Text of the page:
Beyond Translation: Promoting Environmental Health through Education

By Lina Younes

On October 6th, 2010, Hispanic community leaders will be participating in EPA’s 4th Beyond Translation Forum in Research Triangle Park, North Carolina. The theme for this year’s forum is “promoting environmental health through environmental education.”  Participants from community-based organizations, faith-based organizations, academia, small businesses, and government officials will be coming together with EPA officials to discuss issues of concern to the Hispanic community.

This forum is part of the Beyond Translation Initiative spearheaded by EPA-Region 6 back in 2006 and replicated by different EPA regional offices. Originally conceived as a Hispanic outreach activity, the initiative has been expanded to reach out to other multilingual communities as well. The initiative supports Administrator Lisa P. Jackson’s priority of expanding the conversation on environmentalism particularly with those communities that traditionally have not been engaged in our work and activities. Our goal is to continue the dialogue beyond the one day forum so that together we can collaborate to resolve environmental challenges.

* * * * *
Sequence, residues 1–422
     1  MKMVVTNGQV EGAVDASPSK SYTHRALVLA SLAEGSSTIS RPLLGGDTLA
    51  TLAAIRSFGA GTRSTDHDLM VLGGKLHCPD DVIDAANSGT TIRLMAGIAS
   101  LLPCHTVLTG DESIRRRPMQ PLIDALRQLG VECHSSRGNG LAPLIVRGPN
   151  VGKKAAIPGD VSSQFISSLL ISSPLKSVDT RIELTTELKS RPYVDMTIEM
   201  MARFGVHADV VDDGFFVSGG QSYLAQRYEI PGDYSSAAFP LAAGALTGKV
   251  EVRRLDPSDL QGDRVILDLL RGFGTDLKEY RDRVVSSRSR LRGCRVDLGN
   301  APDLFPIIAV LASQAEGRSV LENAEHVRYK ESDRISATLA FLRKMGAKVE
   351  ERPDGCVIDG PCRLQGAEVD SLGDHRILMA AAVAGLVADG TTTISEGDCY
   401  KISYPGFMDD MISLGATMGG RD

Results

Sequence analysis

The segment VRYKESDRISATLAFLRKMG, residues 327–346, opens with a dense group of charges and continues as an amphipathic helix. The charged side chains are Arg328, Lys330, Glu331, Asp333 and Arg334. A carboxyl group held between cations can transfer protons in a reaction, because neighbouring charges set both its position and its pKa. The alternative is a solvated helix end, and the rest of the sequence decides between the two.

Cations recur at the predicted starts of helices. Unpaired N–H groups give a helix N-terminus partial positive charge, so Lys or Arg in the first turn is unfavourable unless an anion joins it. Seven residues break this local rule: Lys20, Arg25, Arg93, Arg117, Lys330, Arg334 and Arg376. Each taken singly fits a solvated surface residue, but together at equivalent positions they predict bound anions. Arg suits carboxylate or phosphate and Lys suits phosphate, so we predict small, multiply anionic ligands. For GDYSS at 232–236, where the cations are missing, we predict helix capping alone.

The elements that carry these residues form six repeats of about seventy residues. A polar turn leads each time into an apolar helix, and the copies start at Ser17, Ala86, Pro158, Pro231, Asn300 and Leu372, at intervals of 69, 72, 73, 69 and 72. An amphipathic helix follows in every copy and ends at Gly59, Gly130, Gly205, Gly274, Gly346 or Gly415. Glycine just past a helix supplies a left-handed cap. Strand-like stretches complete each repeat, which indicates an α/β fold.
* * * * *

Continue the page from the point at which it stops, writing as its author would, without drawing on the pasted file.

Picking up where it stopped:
While EPA is a regulatory agency, our work goes beyond rules and regulations. We need to reach out to all communities regardless of the languages that they speak to increase environmental awareness. Through environmental awareness activities, we can show multilingual stakeholders how the actions they take at home, at school, at work, and in their communities have a direct impact on their health and the environment we all share. Environmental protection is everyone’s responsibility. If you live in the Raleigh area in North Carolina, we would love to see you at the forum.

About the author: Lina Younes has been working for EPA since 2002 and chairs EPA’s Multilingual Communications Task Force. Prior to joining EPA, she was the Washington bureau chief for two Puerto Rican newspapers and she has worked for several government agencies.

Editor’s Note: The opinions expressed in Greenversations are those of the author. They do not reflect EPA policy, endorsement, or action, and EPA does not verify the accuracy or science of the contents of the blog.